Stack Overflow is a community of 4.7 million programmers, just like you, helping each other.

Join them; it only takes a minute:

Sign up
Join the Stack Overflow community to:
  1. Ask programming questions
  2. Answer and help your peers
  3. Get recognized for your expertise

I am trying to bless a string variable -- demonstrated in the code below. Bless only seems to work when I use a hash or array. Are you allowed to bless strings? If no, what can you bless? I have been debugging for a while, any help would be greatly appreciated. :-) If I making an error in my code please let me know what it is.

This is a perl file. The code is not finished, but it never reaches the "Page End" statement. So I have ceased to lengthen it. $FileInfo is an array define earlier read from a file but due to syntax gets garbled here.

here is the call to build ojbect reference

$page = new GeneratePages(0);

package GeneratePages;  
sub new  
    my $class = shift;  
    my $pageContents = $FileInfo[shift];  
    bless $pageContents, $class;  
    return $pageContents;  
share|improve this question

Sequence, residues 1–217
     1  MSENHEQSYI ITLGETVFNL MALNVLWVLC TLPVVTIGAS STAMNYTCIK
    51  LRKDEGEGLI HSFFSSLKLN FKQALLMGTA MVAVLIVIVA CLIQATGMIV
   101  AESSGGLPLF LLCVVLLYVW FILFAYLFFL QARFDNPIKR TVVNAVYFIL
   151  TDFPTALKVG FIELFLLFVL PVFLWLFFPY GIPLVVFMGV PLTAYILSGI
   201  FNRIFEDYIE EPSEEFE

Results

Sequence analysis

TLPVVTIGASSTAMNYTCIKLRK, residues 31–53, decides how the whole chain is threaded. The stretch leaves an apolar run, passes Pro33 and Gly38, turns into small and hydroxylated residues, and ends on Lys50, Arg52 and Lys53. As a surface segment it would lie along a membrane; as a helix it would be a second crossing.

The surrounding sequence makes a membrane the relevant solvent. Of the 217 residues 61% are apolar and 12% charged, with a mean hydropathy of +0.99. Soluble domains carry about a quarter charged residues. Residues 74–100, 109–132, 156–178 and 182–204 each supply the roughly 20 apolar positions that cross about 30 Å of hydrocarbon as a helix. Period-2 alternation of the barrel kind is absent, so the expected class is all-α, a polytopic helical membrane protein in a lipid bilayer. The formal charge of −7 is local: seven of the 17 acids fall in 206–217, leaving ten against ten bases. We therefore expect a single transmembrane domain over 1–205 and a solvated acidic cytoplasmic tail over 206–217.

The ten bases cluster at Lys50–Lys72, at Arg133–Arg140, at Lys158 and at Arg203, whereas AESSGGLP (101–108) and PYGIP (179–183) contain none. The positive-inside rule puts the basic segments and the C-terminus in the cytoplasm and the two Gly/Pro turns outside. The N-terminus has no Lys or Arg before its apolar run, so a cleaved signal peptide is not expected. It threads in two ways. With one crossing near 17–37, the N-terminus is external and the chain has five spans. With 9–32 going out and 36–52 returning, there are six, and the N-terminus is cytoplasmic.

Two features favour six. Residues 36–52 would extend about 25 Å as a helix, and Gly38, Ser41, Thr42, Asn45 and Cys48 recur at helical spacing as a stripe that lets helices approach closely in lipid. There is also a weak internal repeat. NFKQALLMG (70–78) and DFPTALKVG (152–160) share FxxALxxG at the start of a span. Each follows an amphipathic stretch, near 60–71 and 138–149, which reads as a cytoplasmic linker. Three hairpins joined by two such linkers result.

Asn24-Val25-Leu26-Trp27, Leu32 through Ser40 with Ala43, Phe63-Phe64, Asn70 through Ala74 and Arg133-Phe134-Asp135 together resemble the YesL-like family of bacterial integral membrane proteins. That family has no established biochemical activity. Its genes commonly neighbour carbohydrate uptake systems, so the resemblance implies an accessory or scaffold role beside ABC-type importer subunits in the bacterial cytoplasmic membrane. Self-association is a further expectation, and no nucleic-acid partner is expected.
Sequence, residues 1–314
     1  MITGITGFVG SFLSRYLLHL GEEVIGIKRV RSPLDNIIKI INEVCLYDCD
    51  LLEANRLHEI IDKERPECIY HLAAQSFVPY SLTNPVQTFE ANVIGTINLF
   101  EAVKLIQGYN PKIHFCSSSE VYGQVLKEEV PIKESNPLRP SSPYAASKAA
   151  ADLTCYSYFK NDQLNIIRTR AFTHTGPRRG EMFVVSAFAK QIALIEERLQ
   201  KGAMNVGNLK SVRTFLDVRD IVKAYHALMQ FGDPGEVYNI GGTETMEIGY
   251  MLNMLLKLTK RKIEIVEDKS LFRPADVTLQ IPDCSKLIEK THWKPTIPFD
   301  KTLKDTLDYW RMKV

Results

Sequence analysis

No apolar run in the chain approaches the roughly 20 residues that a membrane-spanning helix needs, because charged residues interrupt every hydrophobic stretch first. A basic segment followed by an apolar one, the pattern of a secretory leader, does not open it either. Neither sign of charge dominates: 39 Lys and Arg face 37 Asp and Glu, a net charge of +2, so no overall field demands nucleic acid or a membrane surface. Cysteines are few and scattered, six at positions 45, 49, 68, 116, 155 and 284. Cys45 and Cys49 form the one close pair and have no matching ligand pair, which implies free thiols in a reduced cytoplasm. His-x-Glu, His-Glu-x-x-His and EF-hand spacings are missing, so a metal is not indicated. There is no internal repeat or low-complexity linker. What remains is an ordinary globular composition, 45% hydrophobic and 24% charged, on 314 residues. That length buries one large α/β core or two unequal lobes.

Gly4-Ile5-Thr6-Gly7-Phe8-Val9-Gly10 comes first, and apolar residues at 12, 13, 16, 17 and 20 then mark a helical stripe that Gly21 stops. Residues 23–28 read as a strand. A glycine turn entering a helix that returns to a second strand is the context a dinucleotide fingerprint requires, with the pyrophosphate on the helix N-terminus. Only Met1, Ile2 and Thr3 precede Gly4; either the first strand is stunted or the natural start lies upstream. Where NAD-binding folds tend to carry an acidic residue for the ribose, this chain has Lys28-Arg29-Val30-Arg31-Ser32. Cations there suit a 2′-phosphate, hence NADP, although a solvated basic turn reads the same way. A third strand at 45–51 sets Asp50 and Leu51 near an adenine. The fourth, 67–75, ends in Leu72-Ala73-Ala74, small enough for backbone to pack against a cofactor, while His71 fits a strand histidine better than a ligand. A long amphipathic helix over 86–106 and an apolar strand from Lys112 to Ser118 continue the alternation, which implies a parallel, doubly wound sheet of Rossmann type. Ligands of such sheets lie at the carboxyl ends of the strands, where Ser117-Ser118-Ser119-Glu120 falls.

Please don't use Indirect Object Notation ($page = new GeneratePages(0)). There's a good chance it will bite you at some point in the future. Instead, use $page = GeneratePages->new(0). – Dave Cross Mar 31 '11 at 11:19
up vote 11 down vote accepted

Bless only works on references. From perldoc bless:

This function tells the thingy referenced by REF that it is now an object in the CLASSNAME package.

So if you want to use a string as an object, you should pass a reference to it to bless:

my $s = "foo"; # $s is a scalar variable
my $o = bless \$s, $class; # $s is now an object in the $class package
share|improve this answer
Thank you so much, it fixed it perfectly. – rubixibuc Mar 31 '11 at 9:04
More properly, \$s is the object, $s is the object contents. – ysth Mar 31 '11 at 9:29
Nit: bless works on any variable, but it takes a reference to the variable to bless as its argument. For example, the following prints "Foo": perl -E'my $x; my $y=\$x; my $z=\$x; bless($y, "Foo"); say ref $z' – ikegami Mar 31 '11 at 19:24
@ysth, The documentation for bless disagrees -- it calls the referenced variable the object. Furthermore, if the reference is the object, then \${ \$s } would create a new object and that makes no sense. Finally, the class is not associated with the reference, but rather the referenced variable. – ikegami Mar 31 '11 at 19:31
@ikegami: when you pass an object to a subroutine, what do you pass? – ysth Apr 1 '11 at 0:05

Your Answer


By posting your answer, you agree to the privacy policy and terms of service.

Not the answer you're looking for? Browse other questions tagged or ask your own question.